Last Friday, after some lovely speeches and a glass of bubbles, we were finally allowed to enter the new exhibition ‘Dialogues’ At Moesgaard Museum. In the darkened room, we were transported to dusty Central Australia, to icy Eastern Siberia, and to the lush rainforests of the Amazon. And we were transported back in time.
The last two weeks, we have highlighted photographs from visual anthropologist Christian Vium’s exhibition; drawing out a few individual tales from the many presented ‘Dialogues’. Now, as the exhibition is open for you all to visit, we end this little trilogy by focusing on this astonishing set of photographs. Two very similar situations, 150 years apart. I will let Christian explain, what you are seeing:
“Consisting of two photographs made in approximately the same location with 150 years in-between, this diptych was made on the second day of fieldwork in the Ticuna settlement Umariaçú, near the city of Tabatinga on the border between Columbia and Brazil. The colour image came into being as the result of a series of dialogues with Gentilo, the second chief of the settlement. An informal talk about the family life history based on a series of photos displayed in the home of Gentilo and his family led onto a spontaneous hour-long enactment of a foundational Ticuna myth (which I later discovered was a central component in French anthropologist Claude Lévi-Strauss’ detailed comparative study of myths). Once Gentilo had finished his ‘story’, I presented him with Albert Frisch’s photographs of his ancestors made in the same area. This led to a long and emotional conversation, which ended when we together made a new photograph bearing more than a little resemblance to the archive photograph from 1867. The entire event, in which Gentilo fundamentally questioned conventional understandings of time and reality, became one of the greatest revelations I experienced during the fieldwork I undertook for this research project”.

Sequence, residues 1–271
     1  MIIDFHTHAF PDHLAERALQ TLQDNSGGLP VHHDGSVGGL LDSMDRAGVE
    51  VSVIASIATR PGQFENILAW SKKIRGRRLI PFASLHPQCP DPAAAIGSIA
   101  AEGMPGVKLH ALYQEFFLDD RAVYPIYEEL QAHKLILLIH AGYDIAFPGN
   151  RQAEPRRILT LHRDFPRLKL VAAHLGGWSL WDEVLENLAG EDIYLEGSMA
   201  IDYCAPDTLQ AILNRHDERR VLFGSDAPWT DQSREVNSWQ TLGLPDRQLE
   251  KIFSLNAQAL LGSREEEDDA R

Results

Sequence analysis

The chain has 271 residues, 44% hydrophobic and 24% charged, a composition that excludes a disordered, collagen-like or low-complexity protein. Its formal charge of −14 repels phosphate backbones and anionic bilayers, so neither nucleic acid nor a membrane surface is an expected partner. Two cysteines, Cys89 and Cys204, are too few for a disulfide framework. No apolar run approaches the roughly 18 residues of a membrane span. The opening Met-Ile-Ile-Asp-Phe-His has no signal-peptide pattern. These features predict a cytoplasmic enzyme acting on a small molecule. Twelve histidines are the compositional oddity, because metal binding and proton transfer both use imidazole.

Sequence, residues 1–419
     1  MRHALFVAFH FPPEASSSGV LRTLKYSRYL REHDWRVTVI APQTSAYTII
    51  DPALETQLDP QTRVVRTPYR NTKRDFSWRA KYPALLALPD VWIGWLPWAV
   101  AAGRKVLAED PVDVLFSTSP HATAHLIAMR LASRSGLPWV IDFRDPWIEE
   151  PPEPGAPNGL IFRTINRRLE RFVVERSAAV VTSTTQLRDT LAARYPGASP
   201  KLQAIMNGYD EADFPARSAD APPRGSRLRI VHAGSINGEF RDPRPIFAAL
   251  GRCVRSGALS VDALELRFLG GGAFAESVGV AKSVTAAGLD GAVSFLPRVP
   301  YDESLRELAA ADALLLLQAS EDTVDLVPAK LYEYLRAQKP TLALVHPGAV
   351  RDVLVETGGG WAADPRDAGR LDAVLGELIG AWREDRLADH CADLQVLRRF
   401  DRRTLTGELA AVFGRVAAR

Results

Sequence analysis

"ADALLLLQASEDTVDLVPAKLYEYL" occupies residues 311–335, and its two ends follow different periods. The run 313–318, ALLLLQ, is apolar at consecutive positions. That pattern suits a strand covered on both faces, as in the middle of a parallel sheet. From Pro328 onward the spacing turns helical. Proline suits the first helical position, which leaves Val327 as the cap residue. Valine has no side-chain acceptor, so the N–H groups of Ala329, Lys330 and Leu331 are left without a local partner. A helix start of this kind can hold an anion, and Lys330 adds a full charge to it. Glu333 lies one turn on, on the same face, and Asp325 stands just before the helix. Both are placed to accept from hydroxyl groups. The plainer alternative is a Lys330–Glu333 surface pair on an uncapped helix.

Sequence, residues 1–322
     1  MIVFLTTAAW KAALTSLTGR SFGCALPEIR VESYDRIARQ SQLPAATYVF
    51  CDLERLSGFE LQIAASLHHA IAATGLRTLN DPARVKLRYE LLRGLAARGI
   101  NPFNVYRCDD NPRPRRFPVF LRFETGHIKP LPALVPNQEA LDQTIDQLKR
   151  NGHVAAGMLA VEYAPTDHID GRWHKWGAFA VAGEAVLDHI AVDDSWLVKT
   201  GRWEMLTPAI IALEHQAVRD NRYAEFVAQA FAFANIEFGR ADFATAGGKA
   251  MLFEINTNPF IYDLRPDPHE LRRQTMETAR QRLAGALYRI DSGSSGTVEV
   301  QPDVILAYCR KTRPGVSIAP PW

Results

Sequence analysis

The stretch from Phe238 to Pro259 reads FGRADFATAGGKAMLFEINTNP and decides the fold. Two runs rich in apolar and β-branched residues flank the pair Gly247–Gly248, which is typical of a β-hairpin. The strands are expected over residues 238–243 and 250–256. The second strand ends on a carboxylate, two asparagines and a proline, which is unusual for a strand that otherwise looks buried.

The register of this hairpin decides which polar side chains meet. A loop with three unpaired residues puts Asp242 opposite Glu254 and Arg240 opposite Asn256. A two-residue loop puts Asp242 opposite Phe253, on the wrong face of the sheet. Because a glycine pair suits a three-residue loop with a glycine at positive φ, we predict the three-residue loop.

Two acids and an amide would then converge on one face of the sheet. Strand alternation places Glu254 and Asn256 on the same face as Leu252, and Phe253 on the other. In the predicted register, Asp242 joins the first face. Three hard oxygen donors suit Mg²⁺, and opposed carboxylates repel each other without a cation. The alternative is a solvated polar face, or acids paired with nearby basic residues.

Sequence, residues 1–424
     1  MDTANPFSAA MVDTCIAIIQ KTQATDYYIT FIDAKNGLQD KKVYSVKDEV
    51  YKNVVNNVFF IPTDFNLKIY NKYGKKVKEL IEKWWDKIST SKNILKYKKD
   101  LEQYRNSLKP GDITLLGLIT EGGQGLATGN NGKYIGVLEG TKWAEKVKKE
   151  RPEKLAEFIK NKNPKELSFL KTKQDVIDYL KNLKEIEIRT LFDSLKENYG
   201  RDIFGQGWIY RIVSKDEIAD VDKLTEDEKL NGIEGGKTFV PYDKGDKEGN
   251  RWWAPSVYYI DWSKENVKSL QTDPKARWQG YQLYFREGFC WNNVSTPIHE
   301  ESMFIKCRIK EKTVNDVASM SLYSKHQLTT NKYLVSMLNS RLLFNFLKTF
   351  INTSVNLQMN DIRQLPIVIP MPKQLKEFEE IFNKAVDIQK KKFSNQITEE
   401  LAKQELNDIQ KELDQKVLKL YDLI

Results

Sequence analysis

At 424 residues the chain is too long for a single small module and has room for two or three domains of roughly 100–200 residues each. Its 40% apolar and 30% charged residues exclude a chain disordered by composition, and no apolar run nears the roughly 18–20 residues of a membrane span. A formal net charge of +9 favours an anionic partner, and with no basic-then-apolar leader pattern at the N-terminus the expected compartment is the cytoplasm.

Left: 150 years later. Gentilo and his family. Umariaçú, Alto Solimões. Amazonas, Brazil. 2015. Christian Vium
Right: L’intérieur (rive gauche) d’une habitation d’Indiens sauvages Técunas sur la rivière Caldeirao, confluent de l’Amazonas, avec tout la famille. Albert Frisch (1867). Fotosammlung des Völkerkundemuseums. Museum für Völkerkunde, Vienna, Austria.